Sharing the Wealth on Yom Kippur

Note: This essay was co-authored by Rabbi Abraham Cooper, Associate Dean of the Simon Wiesenthal Center.

Jews around the world bring the New Year period to a climax and a close with the 25-hour fast of Yom Kippur. The dominant themes are not hunger and self-flagellation, but reflection and teshuva-repentance. Jews believe that G-d bestowed upon each woman and man the capacity to change, to set the clock back, and focus ahead. Change, however, is a dynamic process that includes that rarest of all earth elements: personal responsibility.

At multiple times in the course of the day, Jews verbally confess before G-d their sins—what they did that they should not have done, and what they should have done and didn't. To help jog our memories and reignite our consciences, we recite a long, alphabetically arranged list of human failings known as Al Chet / "For the sin," which we then personalize by adding the individual reflections that cascade into mental focus.

At this time of war, tragedy, and global uncertainty, we want to share our spiritual bucket list with everyone who will listen. We present the ancient text, and the contemporary thoughts they inspire.

Preamble: No one is perfect—"…For we are not, O G-d, brazen and stubborn as to say to you that we have not sinned. Indeed, we have sinned, and stand before You in remorse:

For the sin we have committed through hardness of heart. We live with more information than at any time in history. We know what is unhealthy for our bodies, bad for our families, divisive for our communities. But we harden our hearts, and fail to use knowledge to act.

For the sin we have committed without knowledge. There is so much more we could do if we did not hide behind our ignorance! In the internet era we could have equipped ourselves to come to the aid of those we too easily ignore.

For the sin we have committed with the utterance of our lips. Let's face it, we privately delight in the world's most popular sport—the destruction of people's reputations through the power of words. We watch as young people are crippled through bullying and as adults are dehumanized through intolerance and bigotry; we watch our favorite TV show and social media platform for those juicy gottcha moments, then shed crocodile tears when needless pain and tragedy inevitably follow.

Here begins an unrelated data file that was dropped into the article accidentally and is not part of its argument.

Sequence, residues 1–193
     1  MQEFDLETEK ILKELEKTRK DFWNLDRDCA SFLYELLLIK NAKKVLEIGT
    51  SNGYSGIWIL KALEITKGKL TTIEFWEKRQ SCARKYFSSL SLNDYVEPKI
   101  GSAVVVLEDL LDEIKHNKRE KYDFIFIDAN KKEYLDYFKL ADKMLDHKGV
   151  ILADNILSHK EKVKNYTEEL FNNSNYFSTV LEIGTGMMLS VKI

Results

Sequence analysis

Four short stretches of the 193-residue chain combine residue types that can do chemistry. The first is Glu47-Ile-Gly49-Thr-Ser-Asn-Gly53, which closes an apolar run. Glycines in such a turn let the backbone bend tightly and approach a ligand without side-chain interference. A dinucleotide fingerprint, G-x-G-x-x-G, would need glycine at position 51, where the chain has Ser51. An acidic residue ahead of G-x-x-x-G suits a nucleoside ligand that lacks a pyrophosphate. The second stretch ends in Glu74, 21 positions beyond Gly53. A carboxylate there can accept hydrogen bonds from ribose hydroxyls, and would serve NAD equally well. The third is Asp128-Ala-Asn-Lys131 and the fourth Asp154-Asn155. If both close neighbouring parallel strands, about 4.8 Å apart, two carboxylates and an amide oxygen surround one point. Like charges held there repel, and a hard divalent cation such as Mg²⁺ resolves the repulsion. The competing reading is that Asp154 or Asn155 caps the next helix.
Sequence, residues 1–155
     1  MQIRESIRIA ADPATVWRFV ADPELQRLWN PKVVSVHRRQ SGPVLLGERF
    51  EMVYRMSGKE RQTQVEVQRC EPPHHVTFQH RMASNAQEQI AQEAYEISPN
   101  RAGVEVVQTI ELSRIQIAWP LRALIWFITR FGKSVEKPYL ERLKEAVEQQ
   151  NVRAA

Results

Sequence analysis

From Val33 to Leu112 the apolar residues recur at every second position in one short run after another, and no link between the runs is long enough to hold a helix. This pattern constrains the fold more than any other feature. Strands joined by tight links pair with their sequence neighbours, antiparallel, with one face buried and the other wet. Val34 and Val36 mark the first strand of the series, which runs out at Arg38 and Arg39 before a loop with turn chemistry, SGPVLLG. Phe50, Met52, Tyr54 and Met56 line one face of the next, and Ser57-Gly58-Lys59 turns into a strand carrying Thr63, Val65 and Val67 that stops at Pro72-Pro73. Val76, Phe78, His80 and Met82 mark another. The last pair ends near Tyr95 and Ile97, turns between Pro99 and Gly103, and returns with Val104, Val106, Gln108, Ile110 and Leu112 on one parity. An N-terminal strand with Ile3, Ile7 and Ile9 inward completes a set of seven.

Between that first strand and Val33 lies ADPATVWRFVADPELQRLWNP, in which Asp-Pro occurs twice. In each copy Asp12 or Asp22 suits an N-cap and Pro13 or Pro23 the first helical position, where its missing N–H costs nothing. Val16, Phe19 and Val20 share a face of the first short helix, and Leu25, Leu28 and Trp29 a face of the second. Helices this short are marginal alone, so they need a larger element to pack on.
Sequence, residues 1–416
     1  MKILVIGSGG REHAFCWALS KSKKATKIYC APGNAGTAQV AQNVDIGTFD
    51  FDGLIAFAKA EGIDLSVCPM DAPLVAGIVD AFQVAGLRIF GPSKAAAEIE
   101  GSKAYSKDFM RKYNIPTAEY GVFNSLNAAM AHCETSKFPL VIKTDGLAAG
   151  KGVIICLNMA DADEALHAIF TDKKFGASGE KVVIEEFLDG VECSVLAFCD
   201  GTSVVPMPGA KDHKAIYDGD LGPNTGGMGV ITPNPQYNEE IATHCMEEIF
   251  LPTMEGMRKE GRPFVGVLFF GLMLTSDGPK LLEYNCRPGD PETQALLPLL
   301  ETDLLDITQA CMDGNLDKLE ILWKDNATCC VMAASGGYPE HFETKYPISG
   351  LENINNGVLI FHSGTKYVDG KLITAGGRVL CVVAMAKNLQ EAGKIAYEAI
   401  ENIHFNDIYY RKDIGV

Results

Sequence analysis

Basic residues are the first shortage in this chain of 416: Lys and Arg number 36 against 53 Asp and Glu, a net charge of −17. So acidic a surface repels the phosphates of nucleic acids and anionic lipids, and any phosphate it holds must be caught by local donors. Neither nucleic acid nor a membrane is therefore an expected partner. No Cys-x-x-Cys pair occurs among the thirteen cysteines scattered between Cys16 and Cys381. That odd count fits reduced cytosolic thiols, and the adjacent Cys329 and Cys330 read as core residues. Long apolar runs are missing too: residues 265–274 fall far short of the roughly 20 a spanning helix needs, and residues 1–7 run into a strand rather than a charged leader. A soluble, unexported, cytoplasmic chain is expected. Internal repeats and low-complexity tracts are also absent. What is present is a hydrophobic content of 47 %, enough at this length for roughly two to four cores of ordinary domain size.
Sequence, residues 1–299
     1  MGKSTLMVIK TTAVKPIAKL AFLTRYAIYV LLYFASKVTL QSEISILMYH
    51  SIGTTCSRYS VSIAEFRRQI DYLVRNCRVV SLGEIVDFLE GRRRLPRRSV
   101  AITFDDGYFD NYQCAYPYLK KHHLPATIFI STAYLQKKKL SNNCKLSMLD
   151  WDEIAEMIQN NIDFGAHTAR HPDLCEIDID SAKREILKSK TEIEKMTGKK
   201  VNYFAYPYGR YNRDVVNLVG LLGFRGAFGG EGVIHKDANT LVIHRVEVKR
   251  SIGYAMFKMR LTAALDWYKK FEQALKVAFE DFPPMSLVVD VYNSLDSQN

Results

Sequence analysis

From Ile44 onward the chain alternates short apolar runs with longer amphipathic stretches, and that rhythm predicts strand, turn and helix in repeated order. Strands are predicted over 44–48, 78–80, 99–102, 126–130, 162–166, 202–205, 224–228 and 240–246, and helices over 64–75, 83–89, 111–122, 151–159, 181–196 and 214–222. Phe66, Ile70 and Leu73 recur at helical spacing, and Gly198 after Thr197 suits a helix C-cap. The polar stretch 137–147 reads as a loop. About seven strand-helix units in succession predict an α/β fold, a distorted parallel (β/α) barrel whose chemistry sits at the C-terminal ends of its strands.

For the sin we have committed in public and in private. Does anyone really believe that what happens in Vegas really just stays in Vegas?

For the sin we have committed through wronging a neighbor. The good news is that G-d does not have compassion fatigue. The bad news is that we do. Too much suffering; too few solutions. Truly, we may not be able to end hunger, privation, and persecution around the globe, but how about our (nameless) neighbors, or the vaguely familiar people we choose to ignore each day. How many of them just need a friend, a confidant, or even a hello?

For the sin we have committed with insincere confession. We can't stand a sanctimonious apology. Imagine how G-d feels.

For the sin we have committed willfully and carelessly. Casual may be cool; carelessness is not a one-size-fits-all excuse to cover our mishaps. And aren't we way too causal about terrorism, man-made environmental disasters, and, increasingly, about history's toughest lessons. Can we say we really have learned the lessons of the Nazi Holocaust? Why then do genocides continue to plague us and why are innocent children used as so much cannon fodder for tyrants and terrorists? Why is anti-Semitism again spewing its poison across Europe? Why won't civilized people stand up for 190 million endangered Christians?

For the sin we have committed through haughtiness. Millions of young folks have been told that the answers to all questions large and small are available. Just Google it. Really? Life teaches us that we do not have all the answers. Smugness does not breed knowledge, only alienation and discord; how often did we speak with certainty where there was no room for it?

For the sin we have committed through brazenness. Can't beat progress! We remain arrogant in believing that all things shiny, new, and modern are good and progressive, and all that is old and dated is primitive. Who needs the wisdom of ages when we hold our own personal universe in a hand-held device? Yet we may be discarding the intellectual tools we need to access and set limits on technology. Are we really so sure of our collective path? Our children read less, play less creatively, and have trouble sustaining a verbal conversation.

12/2/2022 9:02:50 PM
  • Jewish
  • The Velvet Kippah
  • Confession
  • Holy Days
  • Repentance
  • Yom Kippur
  • Judaism
  • Yitzchok Adlerstein
    About Yitzchok Adlerstein
    Yitzchok Adlerstein is an Orthodox rabbi who directs interfaith affairs for the Simon Wiesenthal Center, and chairs Jewish Law at Loyola Law School in Los Angeles. He is hopelessly addicted to the serious study of Torah texts.